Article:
The change in the amendment was defeated. The word “white” would not appear in the amendment before the word “woman.” Finally, the debate was able to begin – but in the Senate, you can talk as long as you want and are able to hold the floor. Sen. James A. Reed of Missouri began to speak.

“It is an outrage on our form of government, perpetrated with the deliberate intention of escaping the work attached to getting the vote state by state. … The majority of the advocates of this measure have little regard for the Constitution of this country.”

Next Reed went after Alice Paul and her followers, saying, “Those women who have paraded before the White House and gloried in the jail sentences they have served because they broke the law are in the same frame of mind as were the men who caused the bombs to be placed at the door of the Attorney General’s home last night. I do not mean that these good women would do anything criminal intentionally, but just in proportion as they show the disposition to break the law are they removed from that mental state necessary to set up good government.”

Reed continued, saying something that today would set social media on fire.

“The majority of women in this country do respect our laws but that majority is at home, a good place for women to be. The women did their part nobly in the last war, but when it came down to the practical carrying on of the hostilities it was the boy who went over the top and went to his death with a cheer on his lips. I think my greatest objection to this amendment becoming a reality is the fact that women are much more likely to be imposed upon as a class by the fake propagandist. Even some men to-day have shown that they lacked the power to deliberate. I fear that on some evil day the man with the cure-all may be able to impose his idea on a sufficient number of women to bring some harm to this nation.”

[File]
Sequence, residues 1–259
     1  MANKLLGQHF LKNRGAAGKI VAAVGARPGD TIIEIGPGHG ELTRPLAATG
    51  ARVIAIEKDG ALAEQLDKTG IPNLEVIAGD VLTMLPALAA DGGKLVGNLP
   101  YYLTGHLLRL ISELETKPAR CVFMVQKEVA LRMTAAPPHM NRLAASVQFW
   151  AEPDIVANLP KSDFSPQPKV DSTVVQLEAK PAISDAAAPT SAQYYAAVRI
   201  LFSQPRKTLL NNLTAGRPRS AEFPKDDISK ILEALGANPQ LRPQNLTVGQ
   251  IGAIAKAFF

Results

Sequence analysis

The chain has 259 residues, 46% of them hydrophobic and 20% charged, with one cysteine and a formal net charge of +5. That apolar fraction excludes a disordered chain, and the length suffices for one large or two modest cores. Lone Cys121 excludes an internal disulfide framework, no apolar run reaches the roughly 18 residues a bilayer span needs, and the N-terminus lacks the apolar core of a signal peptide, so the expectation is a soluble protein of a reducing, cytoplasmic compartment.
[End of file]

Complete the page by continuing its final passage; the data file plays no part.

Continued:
The New York Tribune explained what followed.

“At 4:30 o’clock, when the galleries were almost empty Senator Watson announced that inasmuch as several Senators wished to speak on the amendment, he would call for recess until to-morrow.

“‘I shall bring the amendment up at 12 o’clock to-morrow,’ he said, ‘and shall insist that the Senate stay in session until this matter has been settled.’”

Would June 4, 1919, finally be the date when the vote was taken? Or would it be one of long speeches and little action?

Next Week: It’s now or never.

tpfcjf@comcast.net